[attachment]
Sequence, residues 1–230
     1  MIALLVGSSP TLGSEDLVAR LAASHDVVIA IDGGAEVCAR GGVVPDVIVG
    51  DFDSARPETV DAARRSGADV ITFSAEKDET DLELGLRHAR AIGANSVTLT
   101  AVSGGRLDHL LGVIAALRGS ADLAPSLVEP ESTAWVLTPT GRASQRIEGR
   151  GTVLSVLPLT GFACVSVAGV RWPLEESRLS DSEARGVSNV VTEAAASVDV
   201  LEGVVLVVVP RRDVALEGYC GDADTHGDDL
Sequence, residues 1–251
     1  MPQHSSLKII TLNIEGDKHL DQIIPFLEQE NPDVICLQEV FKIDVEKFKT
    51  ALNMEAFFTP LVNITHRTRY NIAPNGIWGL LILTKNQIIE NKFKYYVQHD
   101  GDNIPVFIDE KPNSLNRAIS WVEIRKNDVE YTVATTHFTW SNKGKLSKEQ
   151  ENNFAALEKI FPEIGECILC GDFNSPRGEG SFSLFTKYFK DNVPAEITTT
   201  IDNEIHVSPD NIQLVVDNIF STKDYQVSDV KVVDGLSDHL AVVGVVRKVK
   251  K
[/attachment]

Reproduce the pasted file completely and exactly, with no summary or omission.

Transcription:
Sequence, residues 1–230
     1  MIALLVGSSP TLGSEDLVAR LAASHDVVIA IDGGAEVCAR GGVVPDVIVG
    51  DFDSARPETV DAARRSGADV ITFSAEKDET DLELGLRHAR AIGANSVTLT
   101  AVSGGRLDHL LGVIAALRGS ADLAPSLVEP ESTAWVLTPT GRASQRIEGR
   151  GTVLSVLPLT GFACVSVAGV RWPLEESRLS DSEARGVSNV VTEAAASVDV
   201  LEGVVLVVVP RRDVALEGYC GDADTHGDDL
Sequence, residues 1–251
     1  MPQHSSLKII TLNIEGDKHL DQIIPFLEQE NPDVICLQEV FKIDVEKFKT
    51  ALNMEAFFTP LVNITHRTRY NIAPNGIWGL LILTKNQIIE NKFKYYVQHD
   101  GDNIPVFIDE KPNSLNRAIS WVEIRKNDVE YTVATTHFTW SNKGKLSKEQ
   151  ENNFAALEKI FPEIGECILC GDFNSPRGEG SFSLFTKYFK DNVPAEITTT
   201  IDNEIHVSPD NIQLVVDNIF STKDYQVSDV KVVDGLSDHL AVVGVVRKVK
   251  K